Phosphate pricing has been on a general slide since roughly the first of December 2012. Upstream, producers report a variety of factors nudging phosphate pricing lower into spring 2014. According to Mosaic, the average DAP price in fiscal 2012 was $555.00/ton and while the year-end average for fiscal 2013 was $513.00, pricing in the fourth quarter 2013 continues to demonstrate the slide, at $483.00/ton. This downside potential is expected to last well into 2014 as operating rates remain in the high 70's, indicating a buyer's market for P.
Potash is also expected to fall and China and India are again dragging their feet to sign a contract with Canadian enterprises. This has had a dramatic effect on pricing in the last year and the price pressure on the global scene is expected to remain in place, particularly with FSU sources providing K to China and India via BPC rail. K from FSU sources allowed for the price holdout on Canada, which swelled inventories of both P&K in Saskatchewan.
Production curtailments are in place for the summer, and FSU sources report they will cut back on sendouts of K to China, but operating rates in Canada are still near 80%. This juxtaposition between Canadian and FSU sources will keep the cards in China's hands, and until K escapes oversupply, prices will struggle to find strength.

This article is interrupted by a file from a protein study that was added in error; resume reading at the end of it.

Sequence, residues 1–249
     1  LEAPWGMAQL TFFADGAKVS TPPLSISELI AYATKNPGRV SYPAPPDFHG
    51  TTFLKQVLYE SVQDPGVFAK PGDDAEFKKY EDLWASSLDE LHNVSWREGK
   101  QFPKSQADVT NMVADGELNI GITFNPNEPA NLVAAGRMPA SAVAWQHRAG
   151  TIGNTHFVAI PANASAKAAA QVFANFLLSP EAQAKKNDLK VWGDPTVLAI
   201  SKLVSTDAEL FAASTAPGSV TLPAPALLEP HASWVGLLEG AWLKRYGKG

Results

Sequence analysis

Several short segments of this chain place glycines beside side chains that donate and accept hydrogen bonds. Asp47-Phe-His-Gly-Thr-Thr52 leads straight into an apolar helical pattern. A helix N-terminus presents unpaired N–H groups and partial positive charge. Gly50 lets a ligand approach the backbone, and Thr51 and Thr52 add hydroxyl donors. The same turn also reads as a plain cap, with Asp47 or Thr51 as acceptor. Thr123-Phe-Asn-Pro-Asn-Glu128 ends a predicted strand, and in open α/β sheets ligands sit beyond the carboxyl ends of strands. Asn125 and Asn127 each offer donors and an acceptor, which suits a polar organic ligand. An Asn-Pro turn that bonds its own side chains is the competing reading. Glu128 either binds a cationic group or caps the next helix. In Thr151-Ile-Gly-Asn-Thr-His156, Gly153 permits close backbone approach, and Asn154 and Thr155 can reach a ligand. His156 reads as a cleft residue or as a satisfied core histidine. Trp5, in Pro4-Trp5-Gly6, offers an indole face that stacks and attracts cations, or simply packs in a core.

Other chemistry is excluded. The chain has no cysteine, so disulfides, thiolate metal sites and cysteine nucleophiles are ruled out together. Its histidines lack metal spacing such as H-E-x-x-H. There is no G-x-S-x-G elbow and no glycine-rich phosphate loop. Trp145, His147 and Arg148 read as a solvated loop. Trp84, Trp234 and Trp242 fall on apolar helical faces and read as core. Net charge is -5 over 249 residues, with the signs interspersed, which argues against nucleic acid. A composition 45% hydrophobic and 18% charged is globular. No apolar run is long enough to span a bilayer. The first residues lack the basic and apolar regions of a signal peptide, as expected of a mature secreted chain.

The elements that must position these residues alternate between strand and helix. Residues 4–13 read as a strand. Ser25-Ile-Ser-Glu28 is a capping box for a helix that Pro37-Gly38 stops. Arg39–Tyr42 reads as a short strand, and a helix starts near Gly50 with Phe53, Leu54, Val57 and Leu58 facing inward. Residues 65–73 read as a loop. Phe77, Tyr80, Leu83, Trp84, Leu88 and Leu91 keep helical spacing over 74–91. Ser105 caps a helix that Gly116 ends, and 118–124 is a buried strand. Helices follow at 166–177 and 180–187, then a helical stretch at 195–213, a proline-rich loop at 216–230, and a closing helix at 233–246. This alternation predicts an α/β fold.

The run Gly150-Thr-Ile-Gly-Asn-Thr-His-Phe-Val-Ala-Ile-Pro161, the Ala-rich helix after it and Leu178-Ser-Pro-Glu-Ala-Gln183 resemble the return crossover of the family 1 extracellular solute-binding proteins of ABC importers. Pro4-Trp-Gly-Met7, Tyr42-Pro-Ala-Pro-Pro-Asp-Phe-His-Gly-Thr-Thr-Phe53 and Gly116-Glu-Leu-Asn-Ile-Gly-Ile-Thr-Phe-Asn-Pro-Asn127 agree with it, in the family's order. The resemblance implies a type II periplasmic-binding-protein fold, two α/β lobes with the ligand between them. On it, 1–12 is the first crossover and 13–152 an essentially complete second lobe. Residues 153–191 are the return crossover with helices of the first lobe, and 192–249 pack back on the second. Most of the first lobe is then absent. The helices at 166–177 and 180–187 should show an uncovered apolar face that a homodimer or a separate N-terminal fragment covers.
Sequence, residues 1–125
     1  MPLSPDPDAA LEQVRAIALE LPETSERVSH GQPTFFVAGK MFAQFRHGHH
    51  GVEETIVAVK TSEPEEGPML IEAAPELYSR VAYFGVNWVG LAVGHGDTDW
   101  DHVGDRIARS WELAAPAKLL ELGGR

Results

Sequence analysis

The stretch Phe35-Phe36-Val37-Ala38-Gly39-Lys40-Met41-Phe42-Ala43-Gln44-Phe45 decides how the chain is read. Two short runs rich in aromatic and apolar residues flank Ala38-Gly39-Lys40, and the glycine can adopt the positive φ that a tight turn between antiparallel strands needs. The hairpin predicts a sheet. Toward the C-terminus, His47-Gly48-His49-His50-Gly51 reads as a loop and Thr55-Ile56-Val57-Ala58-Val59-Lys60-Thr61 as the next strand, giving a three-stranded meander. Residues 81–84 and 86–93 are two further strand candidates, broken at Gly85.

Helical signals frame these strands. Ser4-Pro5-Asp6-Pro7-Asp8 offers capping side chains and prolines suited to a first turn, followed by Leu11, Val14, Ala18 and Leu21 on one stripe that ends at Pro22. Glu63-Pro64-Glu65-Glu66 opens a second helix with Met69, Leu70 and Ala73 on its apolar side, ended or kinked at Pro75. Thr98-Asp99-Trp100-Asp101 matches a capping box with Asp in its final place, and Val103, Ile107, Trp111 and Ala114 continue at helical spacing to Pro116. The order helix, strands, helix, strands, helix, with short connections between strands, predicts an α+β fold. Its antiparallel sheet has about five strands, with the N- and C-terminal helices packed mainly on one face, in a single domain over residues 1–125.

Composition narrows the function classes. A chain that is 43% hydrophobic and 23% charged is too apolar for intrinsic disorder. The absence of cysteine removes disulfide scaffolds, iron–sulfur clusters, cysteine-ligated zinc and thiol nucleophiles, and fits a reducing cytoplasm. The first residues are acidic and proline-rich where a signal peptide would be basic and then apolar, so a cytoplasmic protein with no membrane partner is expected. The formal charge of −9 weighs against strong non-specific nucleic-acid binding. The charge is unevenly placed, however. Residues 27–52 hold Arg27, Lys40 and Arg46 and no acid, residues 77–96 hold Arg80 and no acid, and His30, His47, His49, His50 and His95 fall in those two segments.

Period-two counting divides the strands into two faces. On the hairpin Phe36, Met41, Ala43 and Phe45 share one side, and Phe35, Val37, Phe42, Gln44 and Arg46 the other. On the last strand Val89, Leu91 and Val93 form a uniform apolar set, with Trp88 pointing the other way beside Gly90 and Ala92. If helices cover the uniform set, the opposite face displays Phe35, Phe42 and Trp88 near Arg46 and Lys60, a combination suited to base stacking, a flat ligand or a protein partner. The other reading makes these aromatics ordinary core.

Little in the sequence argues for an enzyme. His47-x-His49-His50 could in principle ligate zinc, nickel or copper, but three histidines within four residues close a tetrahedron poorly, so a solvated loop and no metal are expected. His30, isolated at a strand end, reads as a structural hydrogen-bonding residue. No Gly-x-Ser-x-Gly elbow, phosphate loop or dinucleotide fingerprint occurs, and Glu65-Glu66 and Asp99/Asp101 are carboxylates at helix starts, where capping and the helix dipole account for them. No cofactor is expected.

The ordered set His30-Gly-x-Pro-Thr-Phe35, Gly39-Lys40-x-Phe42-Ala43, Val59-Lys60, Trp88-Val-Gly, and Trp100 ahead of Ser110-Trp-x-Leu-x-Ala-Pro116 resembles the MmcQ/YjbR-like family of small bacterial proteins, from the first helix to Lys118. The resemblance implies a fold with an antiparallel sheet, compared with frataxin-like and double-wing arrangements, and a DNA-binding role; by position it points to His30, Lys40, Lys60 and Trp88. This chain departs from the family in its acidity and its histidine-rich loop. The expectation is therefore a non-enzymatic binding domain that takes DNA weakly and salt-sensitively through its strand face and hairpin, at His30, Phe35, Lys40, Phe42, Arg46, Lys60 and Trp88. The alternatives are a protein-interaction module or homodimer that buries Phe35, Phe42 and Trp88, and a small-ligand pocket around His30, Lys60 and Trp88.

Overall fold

Despite the fertilizer financial crisis of 2008, the industry has moved forward with brownfield expansions and capacity upgrades, looking ahead to an expected annual 3% increase in NPK demand. Mosaic did defer 2 million of the 5 million tons of production capacity it had originally banked on in 2009, but the added 3 million tons have had an impact in favor of end users.
Both P&K are in oversupplied conditions at present, and industry experts believe the combination of forces holding prices lower may last up to five years. Add to that a government subsidy quagmire in India that favors N over P&K so disproportionately, that demand for P&K is projected at a minimum until the subsidy guidelines are adjusted. China continues it's own imbalance favoring N, but as Chinese agronomy improves, demand for P&K will spike. The question is when...
Some believe it will take an overhaul of the Indian subsidy program to free the flow of a balanced nutrient profile into that country, but change on that level is reliant on bureaucracy and will take several years to unravel. China could take up to ten years to balance its thinking on nutrient applications and in the meantime, demand there will continue to be low.
The industry believes P&K are both in oversupply, and with lackluster operating rates, and marginal global demand, prices are expected to continue to move lower for at least the next twelve months. We will continue to watch these prices carefully, but the expectations for P&K are favorable production rates coupled with global oversupply. Prices will rebound with demand, but the overall trend for P&K is downward for the next 4-5 years.